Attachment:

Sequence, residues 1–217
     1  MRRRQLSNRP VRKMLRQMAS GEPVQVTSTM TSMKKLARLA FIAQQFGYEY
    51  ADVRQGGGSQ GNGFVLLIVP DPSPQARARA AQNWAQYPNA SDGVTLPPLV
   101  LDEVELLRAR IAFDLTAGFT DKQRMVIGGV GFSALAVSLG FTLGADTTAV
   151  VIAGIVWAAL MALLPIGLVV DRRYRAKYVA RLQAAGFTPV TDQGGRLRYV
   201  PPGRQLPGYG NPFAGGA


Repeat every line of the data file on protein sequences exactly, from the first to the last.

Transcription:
Sequence, residues 1–217
     1  MRRRQLSNRP VRKMLRQMAS GEPVQVTSTM TSMKKLARLA FIAQQFGYEY
    51  ADVRQGGGSQ GNGFVLLIVP DPSPQARARA AQNWAQYPNA SDGVTLPPLV
   101  LDEVELLRAR IAFDLTAGFT DKQRMVIGGV GFSALAVSLG FTLGADTTAV
   151  VIAGIVWAAL MALLPIGLVV DRRYRAKYVA RLQAAGFTPV TDQGGRLRYV
   201  PPGRQLPGYG NPFAGGA